Read CHAPTER XXVIII - AN APPEAL TO PARTOW of The Last Shot, free online book, by Frederick Palmer, on ReadCentral.com.

“You, Marta-you are still there!” Lanstron exclaimed in alarm when he heard her voice over the tunnel telephone. “But safe!” he added in relief. “Thank God for that! It’s a mighty load off my mind. And your mother?”

“Safe, too.”

“And Minna and little Clarissa Eileen?”

“All safe.”

“Well, you’re through the worst of it. There won’t be any more fighting around the house, and certainly Westerling will be courteous. But where is Gustave?”

“Gone!”

“Gone!” he repeated dismally.

In a flash he had guessed another tragedy for poor Gustave, who must have once more failed to stick to his purpose, thus shattering the last hope that the thousandth chance would ever come to anything.

“Wait until you hear how he went,” Marta said. With all the vividness of her impressions, a partisan for the moment of him and Dellarme, she sketched Feller’s part with the automatic.

As he listened, Lanstron’s spirit was twenty again, with the fever that Feller’s “let’s set things going!” could start rollicking in his veins. What did the thousandth chance matter? Only a wool-gatherer would ever have had any faith in it. Victory for Gustave! Victory for the friend in whom he believed when others had disbelieved! Victory for those gifts that had broken a career against army routine in peace, once they had full play in war!

“I can see him,” he said. “It was a full breath of fresh air to the lungs of a suffocating man. I-”

Marta was off in interruption in the full tide of an appeal.

“You must-I promised-you must let him have the uniform again!” she begged. “You must let him keep his automatic. To take it away would be like separating mother and child; like separating Minna from Clarissa Eileen.”

“Better than an automatic-a battery of guns!” replied Lanstron. “This is where I will use any influence I have with Partow for all it is worth. Now, let the red-tapists dare to point to his past when I ask anything for him and I’ll overwhelm them with the living present! Yes, and he shall have the iron cross. It is for such deeds as his that the iron cross was meant.”

“Thank you,” she said. “It’s worth something to make a man as happy as you will make him. Yes, you are real flesh and blood to do this, Lanny.”

Her point won with surprising ease, when she had feared that military form and law could not be circumvented, she leaned against the wall in reaction. For twenty-four hours she had been without sleep. The interest of her appeal for Feller had kept up her strength after the excitement of the fight for the redoubt was over. Now there seemed nothing left to do.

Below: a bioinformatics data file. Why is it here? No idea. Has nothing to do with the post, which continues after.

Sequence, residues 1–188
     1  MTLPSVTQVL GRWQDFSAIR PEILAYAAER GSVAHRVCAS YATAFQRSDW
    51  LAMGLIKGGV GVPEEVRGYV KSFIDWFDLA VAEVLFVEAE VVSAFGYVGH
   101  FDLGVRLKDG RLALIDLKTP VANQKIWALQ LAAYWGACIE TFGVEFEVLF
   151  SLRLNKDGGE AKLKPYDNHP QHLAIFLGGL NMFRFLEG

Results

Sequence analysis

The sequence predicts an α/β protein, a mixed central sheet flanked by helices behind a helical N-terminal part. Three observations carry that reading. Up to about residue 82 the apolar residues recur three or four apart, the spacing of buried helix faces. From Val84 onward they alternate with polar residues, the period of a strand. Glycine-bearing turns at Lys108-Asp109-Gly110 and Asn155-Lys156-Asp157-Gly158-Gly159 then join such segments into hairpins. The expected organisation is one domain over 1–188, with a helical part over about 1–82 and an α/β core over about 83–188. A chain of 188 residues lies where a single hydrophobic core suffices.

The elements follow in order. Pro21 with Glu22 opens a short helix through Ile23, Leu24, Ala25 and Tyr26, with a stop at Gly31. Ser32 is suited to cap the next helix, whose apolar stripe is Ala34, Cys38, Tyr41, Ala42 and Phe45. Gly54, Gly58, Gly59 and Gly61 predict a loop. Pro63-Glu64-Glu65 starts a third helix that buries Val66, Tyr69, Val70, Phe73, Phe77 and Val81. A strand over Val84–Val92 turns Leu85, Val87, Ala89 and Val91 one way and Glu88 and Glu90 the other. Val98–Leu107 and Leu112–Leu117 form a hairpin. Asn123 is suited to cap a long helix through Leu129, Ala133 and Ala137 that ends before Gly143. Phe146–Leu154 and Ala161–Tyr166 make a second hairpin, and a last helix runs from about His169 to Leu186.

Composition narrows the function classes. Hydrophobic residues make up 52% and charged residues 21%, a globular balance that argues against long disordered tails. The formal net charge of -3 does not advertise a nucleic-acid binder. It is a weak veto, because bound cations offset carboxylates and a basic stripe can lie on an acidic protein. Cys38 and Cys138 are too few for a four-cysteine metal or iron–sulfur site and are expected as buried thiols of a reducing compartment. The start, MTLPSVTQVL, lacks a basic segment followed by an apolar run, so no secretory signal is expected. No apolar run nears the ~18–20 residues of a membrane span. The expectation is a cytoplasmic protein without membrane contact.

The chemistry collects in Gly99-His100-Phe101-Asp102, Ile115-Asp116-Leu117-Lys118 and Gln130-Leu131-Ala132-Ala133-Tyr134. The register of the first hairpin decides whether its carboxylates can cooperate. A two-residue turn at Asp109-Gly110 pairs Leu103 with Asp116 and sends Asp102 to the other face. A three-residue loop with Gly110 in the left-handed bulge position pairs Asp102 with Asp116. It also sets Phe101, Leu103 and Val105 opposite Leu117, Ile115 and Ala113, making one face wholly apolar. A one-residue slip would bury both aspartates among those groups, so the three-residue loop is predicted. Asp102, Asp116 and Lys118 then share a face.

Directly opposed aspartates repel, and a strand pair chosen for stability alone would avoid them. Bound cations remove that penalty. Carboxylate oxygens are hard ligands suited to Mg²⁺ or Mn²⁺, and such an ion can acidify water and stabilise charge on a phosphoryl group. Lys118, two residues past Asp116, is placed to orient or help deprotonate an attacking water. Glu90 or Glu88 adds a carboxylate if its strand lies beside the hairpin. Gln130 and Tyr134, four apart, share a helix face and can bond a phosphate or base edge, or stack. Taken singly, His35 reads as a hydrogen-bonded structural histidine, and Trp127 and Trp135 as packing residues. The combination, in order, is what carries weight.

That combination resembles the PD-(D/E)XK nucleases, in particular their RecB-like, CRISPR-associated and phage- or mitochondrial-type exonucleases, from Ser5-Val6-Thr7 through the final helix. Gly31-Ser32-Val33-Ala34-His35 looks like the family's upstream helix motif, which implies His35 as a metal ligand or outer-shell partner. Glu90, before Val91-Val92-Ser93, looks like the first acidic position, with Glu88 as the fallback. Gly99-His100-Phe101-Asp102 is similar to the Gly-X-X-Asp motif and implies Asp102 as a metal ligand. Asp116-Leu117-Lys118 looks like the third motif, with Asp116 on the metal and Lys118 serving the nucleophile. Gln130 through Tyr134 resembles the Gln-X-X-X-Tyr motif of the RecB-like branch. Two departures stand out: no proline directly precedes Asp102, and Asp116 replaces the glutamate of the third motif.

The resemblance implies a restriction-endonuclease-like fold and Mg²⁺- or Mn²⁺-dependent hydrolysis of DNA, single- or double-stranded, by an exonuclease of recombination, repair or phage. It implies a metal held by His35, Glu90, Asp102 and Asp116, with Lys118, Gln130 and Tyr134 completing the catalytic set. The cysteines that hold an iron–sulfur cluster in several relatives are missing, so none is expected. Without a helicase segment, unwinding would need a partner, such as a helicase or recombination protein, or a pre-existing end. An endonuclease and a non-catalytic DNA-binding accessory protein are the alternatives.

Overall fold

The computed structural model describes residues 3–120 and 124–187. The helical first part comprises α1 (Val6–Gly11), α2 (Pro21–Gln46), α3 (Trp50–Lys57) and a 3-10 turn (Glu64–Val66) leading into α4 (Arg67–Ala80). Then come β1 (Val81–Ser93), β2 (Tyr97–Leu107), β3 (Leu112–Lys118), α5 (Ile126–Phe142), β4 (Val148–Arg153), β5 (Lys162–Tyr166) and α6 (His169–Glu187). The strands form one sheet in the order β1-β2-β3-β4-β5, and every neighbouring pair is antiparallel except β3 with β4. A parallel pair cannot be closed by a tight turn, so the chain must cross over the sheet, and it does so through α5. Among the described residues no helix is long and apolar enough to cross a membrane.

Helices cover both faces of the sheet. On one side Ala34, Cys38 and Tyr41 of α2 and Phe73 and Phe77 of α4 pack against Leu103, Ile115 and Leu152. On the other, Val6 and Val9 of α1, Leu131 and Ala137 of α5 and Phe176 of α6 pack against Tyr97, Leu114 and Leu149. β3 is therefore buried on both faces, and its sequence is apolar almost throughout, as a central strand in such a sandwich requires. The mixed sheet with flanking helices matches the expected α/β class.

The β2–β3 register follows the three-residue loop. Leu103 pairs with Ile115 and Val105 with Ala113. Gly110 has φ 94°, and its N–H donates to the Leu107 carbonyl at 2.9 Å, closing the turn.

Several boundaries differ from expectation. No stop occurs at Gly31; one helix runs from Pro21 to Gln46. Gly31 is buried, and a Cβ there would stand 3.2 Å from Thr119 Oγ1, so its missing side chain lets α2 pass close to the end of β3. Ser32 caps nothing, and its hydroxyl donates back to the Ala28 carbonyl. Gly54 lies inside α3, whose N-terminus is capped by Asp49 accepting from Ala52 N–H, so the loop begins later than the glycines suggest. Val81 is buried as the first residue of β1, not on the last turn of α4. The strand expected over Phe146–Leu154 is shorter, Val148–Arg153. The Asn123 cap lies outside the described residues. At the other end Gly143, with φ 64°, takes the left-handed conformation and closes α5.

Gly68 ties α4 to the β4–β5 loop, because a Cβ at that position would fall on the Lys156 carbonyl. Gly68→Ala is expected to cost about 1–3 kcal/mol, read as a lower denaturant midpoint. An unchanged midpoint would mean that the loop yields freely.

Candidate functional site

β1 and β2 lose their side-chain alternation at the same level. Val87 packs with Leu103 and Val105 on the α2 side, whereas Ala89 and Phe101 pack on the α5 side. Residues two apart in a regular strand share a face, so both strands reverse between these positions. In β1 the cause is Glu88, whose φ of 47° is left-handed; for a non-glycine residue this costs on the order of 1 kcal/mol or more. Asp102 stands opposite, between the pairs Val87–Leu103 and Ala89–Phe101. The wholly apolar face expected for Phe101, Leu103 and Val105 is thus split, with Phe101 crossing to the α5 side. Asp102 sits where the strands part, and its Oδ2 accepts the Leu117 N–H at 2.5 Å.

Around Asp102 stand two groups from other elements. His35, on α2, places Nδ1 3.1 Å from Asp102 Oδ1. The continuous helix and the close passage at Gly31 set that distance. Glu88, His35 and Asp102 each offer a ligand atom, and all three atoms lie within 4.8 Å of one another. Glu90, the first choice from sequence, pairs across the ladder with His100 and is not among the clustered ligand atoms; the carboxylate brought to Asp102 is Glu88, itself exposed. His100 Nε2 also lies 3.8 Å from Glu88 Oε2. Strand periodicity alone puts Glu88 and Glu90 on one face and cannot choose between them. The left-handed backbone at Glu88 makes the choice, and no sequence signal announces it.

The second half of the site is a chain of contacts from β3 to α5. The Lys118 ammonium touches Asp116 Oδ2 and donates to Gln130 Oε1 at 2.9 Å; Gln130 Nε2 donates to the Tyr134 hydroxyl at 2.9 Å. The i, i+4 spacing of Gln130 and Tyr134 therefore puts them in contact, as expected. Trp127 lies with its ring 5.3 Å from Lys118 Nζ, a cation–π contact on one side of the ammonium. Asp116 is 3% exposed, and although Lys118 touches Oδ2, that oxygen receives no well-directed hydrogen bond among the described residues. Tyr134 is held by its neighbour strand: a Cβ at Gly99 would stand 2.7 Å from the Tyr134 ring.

“No doctor who ever examined me for promotion has yet found that I wasn’t flesh and blood,” Lanstron remarked a little plaintively.

“Then the doctor must have kept the truth from Partow,” she told him with a faint return of the teasing spirit that he knew well. “He wants only men of steel, with nerves of copper wire run by an electric battery, on his staff, I’m sure.”

Lanstron laughed very humanly for an automaton.

“I’ll suggest the battery to him. It might prove a labor saver,” he said. “Being a little old-fashioned, he has depended on clockwork, which requires a special orderly to wind us when we fun down and nod at our desks.” Then he turned solicitous. “The Gray staff will certainly give you an escort beyond the Gray lines, where you will find a place to establish yourselves comfortably.”

The suggestion brought her energy back with the snap of a whip.

“No!” she declared. “We stay in our home. It’s ours! No one else has any right there while our taxes are paid. Doesn’t my children’s oath say: ’I’ll not let a burglar drive me out of my house’?”

“Isn’t that coming around to my view, Marta?” he asked. “Aren’t we refusing to leave the nation’s house because a burglar is trying to enter?”

“Lanny, you, with all your intellect-when you know the oath as well as I-you pettifog like that! The oath says to appeal to justice and reason even after the first blow is struck. Why doesn’t our premier appeal to the people of the Grays?”

“They garbled his last despatch, as it was, to suit their purpose.”

“Their government garbled it. I meant to appeal not to their premier but to the people, as human beings to human beings. Over there they’re human beings just as much as we are. Why didn’t Partow speak, too, as chief of staff, if he is so fond of peace? He is the one-not the Fellers and the Dellarmes and the Stranskys, who merely act up to their faith and training as pawns-he in the security of his cabinet making war. Why didn’t he say: ’We do not want war. We will not mobilize our army. We will do nothing to arouse the war passion?’”

“Their government would only have been convinced of an easier conquest, and by this time they would have been up to the main line of defence. Marta, when the diplomatic history of the war is known it will be found that the Gray government struck as a matter of cold, deliberate intention. Bodlapoo was only an excuse to carry out a plan of conquest.”

“So Partow has taught the Browns,” she answered stubbornly. “That is one partisan view. What is theirs? What is Westerling teaching the Grays?”

“Marta-really, I-”

“What a smashing argument really is! You see that you really are not for peace, but for war. But won’t you ask Partow to do one thing, if he still insists that he is for peace? I wonder if he will chuckle or laugh at my suggestion, or will he grin or roar? Though you know that he will do them all, ask him to send out a flag of truce to the Grays and beg them to stay their operations while his appeal-an appeal with a little of the Christ spirit in it, from one Christian nation to another to stop the murder-is read to the Gray soldiers and ours; to those who have to suffer and die! Oh, I’d like to help write that appeal, telling the women what I have seen! Do you think if it were given to the world that the Grays would still come on? Ask him, Lanny, ask him to make that simple human appeal, as brother to brother, to the court of all humanity! Ask him, please, Lanny!”